ICD-10 Implementation

 

The International Classification of Diseases (ICD) is the international standard diagnostic classification for all general epidemiological, many health management purposes and clinical use. These include the analysis of the general health situation of population groups and monitoring of the incidence and prevalence of diseases and other health problems in relation to other variables such as the characteristics and circumstances of the individuals affected, reimbursement, resource allocation, quality and guidelines.

The International Classification of Diseases, Tenth Revision (ICD-10) was endorsed by the Forty-third World Health Assembly in 1990 and came into use in World Health Organization (WHO) member states in 1994. The classification is the latest in a series which has its origins in the 1850s. The first edition, known as the International List of Causes of Death, was adopted by the International Statistical Institute in 1893. WHO took over the responsibility for ICD at its creation in 1948 when the Sixth Revision, which included causes of morbidity for the first time, was published. The World Health Assembly adopted the WHO Nomenclature Regulations that stipulate use of ICD in its most current revision for mortality and morbidity statistics by all member states in 1967.

The ICD-10 consists of:

  • tabular lists containing cause-of-death titles and codes (Volume 1)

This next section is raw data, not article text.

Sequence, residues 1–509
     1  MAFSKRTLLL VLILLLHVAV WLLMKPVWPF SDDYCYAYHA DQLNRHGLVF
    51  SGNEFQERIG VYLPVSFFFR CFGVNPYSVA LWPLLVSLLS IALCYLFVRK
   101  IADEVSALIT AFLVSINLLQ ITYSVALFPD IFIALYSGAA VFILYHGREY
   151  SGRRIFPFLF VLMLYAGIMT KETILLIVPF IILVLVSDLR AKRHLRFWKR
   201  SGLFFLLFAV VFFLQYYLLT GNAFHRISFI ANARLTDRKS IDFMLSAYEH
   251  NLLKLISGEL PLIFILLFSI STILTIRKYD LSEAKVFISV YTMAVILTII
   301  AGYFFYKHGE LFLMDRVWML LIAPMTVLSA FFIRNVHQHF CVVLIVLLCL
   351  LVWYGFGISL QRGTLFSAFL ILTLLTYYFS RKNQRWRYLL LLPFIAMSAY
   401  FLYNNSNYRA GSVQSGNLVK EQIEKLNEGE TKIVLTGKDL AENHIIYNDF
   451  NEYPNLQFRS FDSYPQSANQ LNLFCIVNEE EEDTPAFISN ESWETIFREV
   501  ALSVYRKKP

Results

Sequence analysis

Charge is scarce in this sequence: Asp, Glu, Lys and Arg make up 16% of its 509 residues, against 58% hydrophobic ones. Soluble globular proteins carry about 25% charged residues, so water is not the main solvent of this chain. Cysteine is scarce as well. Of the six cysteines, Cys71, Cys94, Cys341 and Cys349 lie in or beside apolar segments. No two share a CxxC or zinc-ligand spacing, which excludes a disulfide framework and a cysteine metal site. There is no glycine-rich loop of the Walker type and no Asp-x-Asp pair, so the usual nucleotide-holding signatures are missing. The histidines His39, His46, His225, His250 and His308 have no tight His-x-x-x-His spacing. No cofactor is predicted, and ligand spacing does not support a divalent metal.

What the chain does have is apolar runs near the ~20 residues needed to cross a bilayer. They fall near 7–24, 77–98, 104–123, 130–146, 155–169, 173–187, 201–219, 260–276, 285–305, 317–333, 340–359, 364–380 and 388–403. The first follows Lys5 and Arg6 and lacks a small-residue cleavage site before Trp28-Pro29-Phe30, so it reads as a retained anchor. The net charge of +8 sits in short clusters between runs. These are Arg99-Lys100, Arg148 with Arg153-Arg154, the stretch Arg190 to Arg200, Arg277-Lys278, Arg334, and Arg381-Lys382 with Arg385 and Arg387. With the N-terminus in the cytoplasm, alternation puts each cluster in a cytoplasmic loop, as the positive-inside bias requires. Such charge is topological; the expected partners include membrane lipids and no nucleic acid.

• inclusion and exclusion terms for cause-of-death titles (Volume 1)
  • an alphabetical index to diseases and nature of injury, external causes of injury, table of drugs and chemicals (Volume 3)
  • description, guidelines, and coding rules (Volume 2).

Whereas ICD-9-CM contains more than 17,000 codes, ICD-10 contains more than 141,000 codes and accommodates a host of new diagnoses and procedures.

The department of Health and Human Services (HHS) has mandated the replacement of the ICD-9-CM code sets medical coders and billers in the United States use now to report health care diagnoses and procedures with ICD-10 code sets, effective Oct. 1, 2015. Only a handful of countries, including the United States and Italy, have not adopted ICD-10 as their standard for reporting.

The change to ICD-10-CM for diagnostic code reporting across all of health care — and the implementation of ICD-10-PCS (Procedural Coding System) for inpatient procedural reporting for hospitals and payers — will be the most challenging transition since the inception of coding. The number of diagnostic codes under ICD-10-CM will swell from 13,500 to 69,000. For inpatient procedures, the number jumps from 4,000 codes to 71,000 codes.

The American Academy of Professional Coders understands the magnitude of the change to ICD-10-CM and ICD-10-PCS coding systems. We are dedicating this space to providing news and information on the new diagnostic and inpatient procedural coding systems as it becomes available, including the AAPC'c implementation and training plans. We will regularly be adding new information and categories to our ICD-10 site, so check in periodically. We'll also be keeping everyone up-to-date on ICD-10 actions in Congress, the legislature, or through our lobbying activities in the emails you receive from AAPC and in regular articles in the Coding Edge magazine. Keep up with your AAPC news, and you'll stay informed on ICD-10-CM and ICD-10-PCS.

 

Reprinted from www.aapc.com